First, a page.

M A I N   N E W S

India, Pak take step forward on Sir Creek
Siachen issue remains frozen
Rajeev Sharma
Tribune News Service

Islamabad, October 4
India and Pakistan failed to achieve a thaw on Siachen issue despite hectic back-room diplomatic efforts that continued well past midnight last night, though the two nuclear neighbours did take a step forward in resolving the Sir Creek maritime boundary dispute.

The two issues — Siachen and Sir Creek — had been discussed at length both at the Foreign Minister-level and delegation-level talks yesterday and there was expectancy in the air that External Affairs Minister Natwar Singh might return home after securing a framework agreement on working out modalities for eventual withdrawal of troops from the world’s highest battlefield.

The situation changed after Mr Natwar Singh called on Pakistan President Pervez Musharraf at his official residence at Rawalpindi. Ministry of External Affairs spokesman told reporters after this meeting that Gen Musharraf and Mr Natwar Singh welcomed the ongoing diplomatic initiative as a framework to promote settlement on the issues of Siachen and Sir Creek on mutually acceptable basis.

But when the Mr Natwar Singh and his Pakistani counterpart Khurshid Mehmood Kasuri addressed a joint Press conference in the afternoon, Siachen had taken a backseat. The four-page-long Indo-Pak Joint Statement, read out by Mr Kasuri, dismissed Siachen issue in three lines as follows: “The two sides exchanged ideas on the Siachen issue and agreed to continue their discussions so as to arrive at a common understanding before commencement of the next round of the Composite Dialogue in January.”

Both Foreign Ministers read out their respective remarks at the joint Press interaction. While Mr Kasuri made a brief mention of Siachen, Mr Natwar Singh’s remarks had no reference to Siachen. Mr Kasuri said: “On Siachen, we have exchanged concrete ideas and we will continue discussions for reaching a common understanding.”

Neither of the two sides was willing to answer the question: What went wrong on Siachen? As Mr Kasuri went to see off Mr Natwar Singh from the Foreign Office, he was asked by this correspondent whether the two sides progressed by an inch or a yard, Mr Kasuri parried the question. When a Pakistani woman journalist persisted with the question, he replied that he would not say anything more than what he had said in his remarks. 

He also added that that is why he had read out from prepared remarks. It is open to analysis whether Gen Musharraf instructed his Foreign Office to go slow on Siachen and predicated it upon a resolution of the Jammu and Kashmir issue because it is India which is spending a fortune in maintaining its troops on Siachen since March 1983.

Diplomatic sources said the Siachen talks got stuck in the groove as the two sides refused to dilute their stated positions. India wants a demarcation of the troops’ position from the two sides in Siachen before the area is declared a no-activity zone.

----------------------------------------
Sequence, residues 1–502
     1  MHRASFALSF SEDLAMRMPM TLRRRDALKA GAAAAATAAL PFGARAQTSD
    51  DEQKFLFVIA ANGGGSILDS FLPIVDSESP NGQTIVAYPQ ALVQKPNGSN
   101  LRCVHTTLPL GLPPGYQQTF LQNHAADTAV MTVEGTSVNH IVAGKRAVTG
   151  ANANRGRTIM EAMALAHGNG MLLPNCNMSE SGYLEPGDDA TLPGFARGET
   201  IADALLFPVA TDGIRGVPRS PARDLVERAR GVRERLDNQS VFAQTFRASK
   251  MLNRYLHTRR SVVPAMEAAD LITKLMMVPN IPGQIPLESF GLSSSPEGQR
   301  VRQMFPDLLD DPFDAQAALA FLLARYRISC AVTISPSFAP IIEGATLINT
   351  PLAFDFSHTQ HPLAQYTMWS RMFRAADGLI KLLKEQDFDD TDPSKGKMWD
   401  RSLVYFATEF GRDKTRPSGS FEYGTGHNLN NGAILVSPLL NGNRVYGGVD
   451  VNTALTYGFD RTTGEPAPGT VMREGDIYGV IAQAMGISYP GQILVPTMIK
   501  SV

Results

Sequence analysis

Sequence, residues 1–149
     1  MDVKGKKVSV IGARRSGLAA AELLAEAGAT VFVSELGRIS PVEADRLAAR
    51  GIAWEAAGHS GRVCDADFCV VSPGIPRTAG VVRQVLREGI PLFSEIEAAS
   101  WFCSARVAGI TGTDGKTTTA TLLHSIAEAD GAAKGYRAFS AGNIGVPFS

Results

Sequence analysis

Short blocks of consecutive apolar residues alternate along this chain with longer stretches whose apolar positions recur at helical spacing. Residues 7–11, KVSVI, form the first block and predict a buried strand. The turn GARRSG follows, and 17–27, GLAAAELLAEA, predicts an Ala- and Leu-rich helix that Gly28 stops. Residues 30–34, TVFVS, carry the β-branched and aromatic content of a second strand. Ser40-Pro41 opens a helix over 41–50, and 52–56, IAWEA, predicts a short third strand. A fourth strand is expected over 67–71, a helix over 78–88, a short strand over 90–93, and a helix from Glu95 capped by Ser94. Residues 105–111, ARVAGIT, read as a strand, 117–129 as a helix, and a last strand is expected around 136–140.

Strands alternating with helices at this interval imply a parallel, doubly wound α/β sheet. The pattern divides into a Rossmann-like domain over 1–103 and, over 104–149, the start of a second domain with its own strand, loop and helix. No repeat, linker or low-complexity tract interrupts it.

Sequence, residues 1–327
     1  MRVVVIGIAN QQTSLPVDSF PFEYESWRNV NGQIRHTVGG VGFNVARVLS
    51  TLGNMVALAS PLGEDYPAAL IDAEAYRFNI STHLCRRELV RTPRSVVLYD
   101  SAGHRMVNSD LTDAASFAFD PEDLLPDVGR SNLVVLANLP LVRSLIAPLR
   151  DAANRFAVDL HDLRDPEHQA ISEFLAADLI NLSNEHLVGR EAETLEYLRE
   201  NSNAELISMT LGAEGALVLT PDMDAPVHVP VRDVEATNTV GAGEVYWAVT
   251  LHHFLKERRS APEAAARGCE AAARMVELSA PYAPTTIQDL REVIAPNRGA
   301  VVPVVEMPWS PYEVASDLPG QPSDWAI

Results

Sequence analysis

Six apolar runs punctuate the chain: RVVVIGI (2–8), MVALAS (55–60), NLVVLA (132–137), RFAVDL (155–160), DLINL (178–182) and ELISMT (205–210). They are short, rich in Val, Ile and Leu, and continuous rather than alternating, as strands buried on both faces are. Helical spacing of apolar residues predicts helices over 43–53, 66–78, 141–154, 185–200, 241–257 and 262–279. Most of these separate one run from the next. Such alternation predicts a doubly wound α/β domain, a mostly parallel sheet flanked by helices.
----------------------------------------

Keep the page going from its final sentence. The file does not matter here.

Pakistan’s retort is whether India wants demarcation, authentification and verification of its own aggression in March 1983 when it occupied Siachen heights. The Indian position is that Siachen is its own territory and it can get ready for redeployment of troops only after the due verification process, which includes verification of the troops deployment beyond NJ 9842.

However, on Sir Creek, the two sides agreed, without prejudice to each other’s position, to undertake a joint survey of the Sir Creek itself, similar to the joint survey of the horizontal section of the boundary in the area. The two sides also agreed to consider options for the delimitation of their maritime boundary.

They agreed that the joint survey should commence before the end of the year and its report will be considered in the next round of the Composite Dialogue. Ideas relating to the delimitation of the maritime boundary would also be addressed in the Composite Dialogue with a view to its early resolution.

On the Sir Creek issue, Mr Kasuri said: “We have agreed for the first time to consider options for the delimitation of the maritime boundary between the two countries and to undertake joint survey of the Creek. This should enable us to work for the resolution of this issue in a concrete manner.”

Mr Kasuri echoed Gen Musharraf’s words when he said: “We need to have a mature outlook to be able to manage our disputes while trying to resolve them. In other words, we should be and are engaged in a process of conflict management and conflict resolution.”



Natwar takes up Sarabjit issue

New Delhi, October 4
External Affairs Minister K Natwar Singh today urged Pakistan President Pervez Musharraf to consider Sarabjit Singh's case on humanitarian grounds and Gen Musharraf assured him that he would keep the Minister's remark in view whenever the Indian condemned prisoner's matter is put before him. — TNS


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